Pale Purple Coneflower Attracts Many Butterflies!
The nectar from Pale Purple Coneflower is a big hit among butterflies and other pollinators, and it even attracts hummingbirds! It’s an early to mid-summer bloomer, so when it is paired with its relative, Purple Coneflower (Echinacea purpurea), which blooms a little later, you’ll have a coneflower in bloom for most of the summer and into the fall. And birds love the seeds in the fall!
Characteristics of Echinacea pallida Plants
Pale Purple Coneflower is hardy in USDA zones 3-9. It is an herbaceous perennial that spreads in clumps and will self-sow if the seed heads remain on the plant. The pale purple flowers have thin drooping petals that look quite pretty when in a grouped planting. The flower colors can range from almost white to a variety of pale pinkish purples. It also pairs well with grasses, as it is naturally found in prairies, meadows and open woodlands.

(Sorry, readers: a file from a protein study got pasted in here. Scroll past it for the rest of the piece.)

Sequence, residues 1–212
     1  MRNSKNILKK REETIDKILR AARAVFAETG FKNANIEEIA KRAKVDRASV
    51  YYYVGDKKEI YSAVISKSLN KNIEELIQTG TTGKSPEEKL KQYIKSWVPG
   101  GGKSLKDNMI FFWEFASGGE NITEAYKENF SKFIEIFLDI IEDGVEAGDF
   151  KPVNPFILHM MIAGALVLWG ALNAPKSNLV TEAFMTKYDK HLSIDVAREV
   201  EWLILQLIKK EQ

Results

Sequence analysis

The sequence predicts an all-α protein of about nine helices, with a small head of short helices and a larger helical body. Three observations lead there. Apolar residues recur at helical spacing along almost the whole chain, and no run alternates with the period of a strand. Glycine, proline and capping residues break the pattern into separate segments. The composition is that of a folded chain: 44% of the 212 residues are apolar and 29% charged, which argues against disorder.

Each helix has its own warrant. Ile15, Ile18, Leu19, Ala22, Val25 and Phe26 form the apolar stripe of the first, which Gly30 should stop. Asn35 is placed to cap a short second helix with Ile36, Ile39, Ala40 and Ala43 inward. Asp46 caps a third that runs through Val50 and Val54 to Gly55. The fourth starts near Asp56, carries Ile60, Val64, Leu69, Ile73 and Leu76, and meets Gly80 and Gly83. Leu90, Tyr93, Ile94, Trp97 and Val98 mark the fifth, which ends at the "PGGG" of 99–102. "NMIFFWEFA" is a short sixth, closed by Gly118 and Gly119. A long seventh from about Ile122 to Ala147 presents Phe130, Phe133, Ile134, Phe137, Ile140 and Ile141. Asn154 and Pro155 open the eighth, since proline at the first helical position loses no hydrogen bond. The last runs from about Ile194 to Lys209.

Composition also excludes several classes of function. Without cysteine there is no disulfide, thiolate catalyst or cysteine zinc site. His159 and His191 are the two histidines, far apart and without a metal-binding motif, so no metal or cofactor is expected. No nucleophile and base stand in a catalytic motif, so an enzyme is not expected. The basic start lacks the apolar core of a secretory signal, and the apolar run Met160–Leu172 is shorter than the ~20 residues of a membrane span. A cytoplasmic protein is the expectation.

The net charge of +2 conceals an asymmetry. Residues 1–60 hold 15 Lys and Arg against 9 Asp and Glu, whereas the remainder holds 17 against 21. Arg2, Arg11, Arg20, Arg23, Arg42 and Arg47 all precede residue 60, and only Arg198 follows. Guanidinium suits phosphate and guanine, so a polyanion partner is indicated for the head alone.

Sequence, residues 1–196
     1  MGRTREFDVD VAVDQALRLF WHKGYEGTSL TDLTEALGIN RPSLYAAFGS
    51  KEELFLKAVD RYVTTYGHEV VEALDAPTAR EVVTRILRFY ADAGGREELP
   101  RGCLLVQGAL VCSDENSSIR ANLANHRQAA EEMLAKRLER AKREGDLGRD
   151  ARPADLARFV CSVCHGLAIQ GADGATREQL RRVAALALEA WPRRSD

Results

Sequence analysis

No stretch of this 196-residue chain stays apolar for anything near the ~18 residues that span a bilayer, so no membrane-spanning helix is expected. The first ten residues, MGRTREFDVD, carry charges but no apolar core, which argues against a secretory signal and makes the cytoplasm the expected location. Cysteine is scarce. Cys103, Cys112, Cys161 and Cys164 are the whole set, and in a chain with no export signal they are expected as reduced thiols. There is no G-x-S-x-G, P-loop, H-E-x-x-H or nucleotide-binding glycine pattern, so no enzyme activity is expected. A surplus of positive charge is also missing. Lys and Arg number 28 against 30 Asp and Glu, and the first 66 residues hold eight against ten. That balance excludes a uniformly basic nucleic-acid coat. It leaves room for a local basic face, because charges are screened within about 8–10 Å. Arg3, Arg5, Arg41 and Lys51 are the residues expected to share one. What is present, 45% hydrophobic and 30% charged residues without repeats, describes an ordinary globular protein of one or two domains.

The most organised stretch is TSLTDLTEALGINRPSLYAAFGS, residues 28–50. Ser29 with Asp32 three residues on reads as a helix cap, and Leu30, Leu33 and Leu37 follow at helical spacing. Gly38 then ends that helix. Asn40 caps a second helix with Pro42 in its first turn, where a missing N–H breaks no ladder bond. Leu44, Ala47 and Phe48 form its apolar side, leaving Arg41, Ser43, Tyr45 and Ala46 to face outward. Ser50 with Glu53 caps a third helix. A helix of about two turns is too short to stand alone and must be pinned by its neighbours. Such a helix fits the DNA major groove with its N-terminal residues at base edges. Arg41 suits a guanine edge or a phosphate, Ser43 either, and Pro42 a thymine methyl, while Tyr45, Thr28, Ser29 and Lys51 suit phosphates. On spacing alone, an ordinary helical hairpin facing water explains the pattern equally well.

Echinacea pallida grows about 2-4′ high and flowers from June-July (May in some areas). It loves full sun but will tolerate a little shade. Having a taproot, it is quite drought tolerant and even stands up well to heat and humidity. It needs good drainage and prefers dry to medium moisture. It prefers rich soils but does well in poor soils as long as the drainage is good.
How to Start Pale Purple Coneflower Seeds
Pale Purple Coneflower seeds can be started in the fall, winter, spring or indoors. We have found about a 75% germination rate with no cold stratification from our seeds. Perhaps you could improve on that, as some sources recommend cold stratification for 1-3 months–but at this rate of germination we see no reason to wait. Do, however, keep the seeds in a cold/dry storage (like in a sealed bag in the refrigerator) until you are ready to plant.
Plant the seeds about 1/8-1/4″ deep at room temperature. Ours germinated in about 2 weeks, but that can vary based on temperature. Space plants about 12-18″ apart.